Antioxidant properties Extracted carbazole alkaloids from the extract of dichloromethane from M. leaves. On the basis of the lag time to reach a steady state, koenigii were evaluated on the basis of the oil stability index along with their radical scavenging ability against the DPPH radical. The 12 carbazole groups were grouped into 3 groups. It indicated that an aryl hydroxyl substituent plays a role in stabilising thermal oxidation and reaction rate against DPPH radicals on the carbazole ring 37. The antioxidant properties of Murraya koenigii leaf extracts using different solvents, along with their radical scavenging potential against 1, 1-diphenyl-2-picrylhydrazyl, were evaluated on the basis of the OSI oil stability index. It was found that the overall antioxidant activity in M was the highest. Koenigii (sample of 2 691.78 μmol of one gramme of ascorbic acid) and less in C. asiatica (623.78 μmol of an ascorbic acid extract of one gram) 95. The acetone derived from curry leaves with oleoresin was tested using a β-carotene /linoleic acid model system for its antioxidant activity. It showed 83.2 percent maximal activity at 100mg/L. At the same concentration, methanol and water extracts showed activity of 16.7 percent and 11.3 percent respectively, and volatile oil showed negligible activity (< 10 percent) at 100mg/L concentration. For maximum antioxidant activity, Mahanimbine and koenigine were reported. In stabilising the thermal oxidation and reaction rate against DPPH radicals, the carbazole ring containing an aryl hydroxyl substituent plays a significant role. The two alkaloids of carbazole, koenigin and mahanimbine, were isolated from M. Koenigii leaves have shown antioxidant function. To a great degree, Koenigine also demonstrated radical-scavenging properties.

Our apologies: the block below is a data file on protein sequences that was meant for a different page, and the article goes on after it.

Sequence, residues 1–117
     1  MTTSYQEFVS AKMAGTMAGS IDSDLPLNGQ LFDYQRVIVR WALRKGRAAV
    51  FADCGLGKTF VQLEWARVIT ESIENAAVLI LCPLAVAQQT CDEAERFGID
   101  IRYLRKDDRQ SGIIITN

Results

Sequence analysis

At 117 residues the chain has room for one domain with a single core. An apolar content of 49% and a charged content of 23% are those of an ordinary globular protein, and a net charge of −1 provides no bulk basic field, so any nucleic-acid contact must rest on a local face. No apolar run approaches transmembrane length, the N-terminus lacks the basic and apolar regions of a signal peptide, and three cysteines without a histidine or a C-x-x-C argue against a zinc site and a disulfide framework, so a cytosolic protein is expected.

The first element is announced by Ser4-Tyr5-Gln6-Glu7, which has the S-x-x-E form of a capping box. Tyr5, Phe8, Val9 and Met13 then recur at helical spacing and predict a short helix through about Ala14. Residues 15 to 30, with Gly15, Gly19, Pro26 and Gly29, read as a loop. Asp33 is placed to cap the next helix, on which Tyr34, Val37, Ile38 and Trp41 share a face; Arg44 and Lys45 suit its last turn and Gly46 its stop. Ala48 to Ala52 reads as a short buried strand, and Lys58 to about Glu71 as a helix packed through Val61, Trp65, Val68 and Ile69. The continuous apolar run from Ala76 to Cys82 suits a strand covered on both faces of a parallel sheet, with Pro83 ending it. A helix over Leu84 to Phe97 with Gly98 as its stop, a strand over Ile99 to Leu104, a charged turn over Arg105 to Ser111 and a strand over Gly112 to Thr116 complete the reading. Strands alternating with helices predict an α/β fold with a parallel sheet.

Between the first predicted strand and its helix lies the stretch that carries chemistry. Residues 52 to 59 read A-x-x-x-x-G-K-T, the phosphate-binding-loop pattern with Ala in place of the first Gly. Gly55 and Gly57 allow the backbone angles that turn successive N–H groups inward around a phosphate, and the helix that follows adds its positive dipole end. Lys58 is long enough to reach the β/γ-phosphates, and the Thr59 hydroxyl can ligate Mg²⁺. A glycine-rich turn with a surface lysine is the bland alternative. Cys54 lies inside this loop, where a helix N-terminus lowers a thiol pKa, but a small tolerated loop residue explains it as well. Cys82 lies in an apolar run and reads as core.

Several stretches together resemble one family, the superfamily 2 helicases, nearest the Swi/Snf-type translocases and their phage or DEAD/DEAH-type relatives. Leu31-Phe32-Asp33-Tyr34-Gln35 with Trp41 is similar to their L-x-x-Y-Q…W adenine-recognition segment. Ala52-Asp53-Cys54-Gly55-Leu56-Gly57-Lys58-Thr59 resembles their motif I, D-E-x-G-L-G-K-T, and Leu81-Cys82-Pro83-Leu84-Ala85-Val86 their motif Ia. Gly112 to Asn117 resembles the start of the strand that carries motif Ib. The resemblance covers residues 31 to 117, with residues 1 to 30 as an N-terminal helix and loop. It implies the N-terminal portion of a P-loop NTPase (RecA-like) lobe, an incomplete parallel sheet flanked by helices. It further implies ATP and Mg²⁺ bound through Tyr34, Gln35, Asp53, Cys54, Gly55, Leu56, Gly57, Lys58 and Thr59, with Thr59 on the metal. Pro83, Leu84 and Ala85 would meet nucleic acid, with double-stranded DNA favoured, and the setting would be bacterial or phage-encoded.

Curry leaves as hair growth: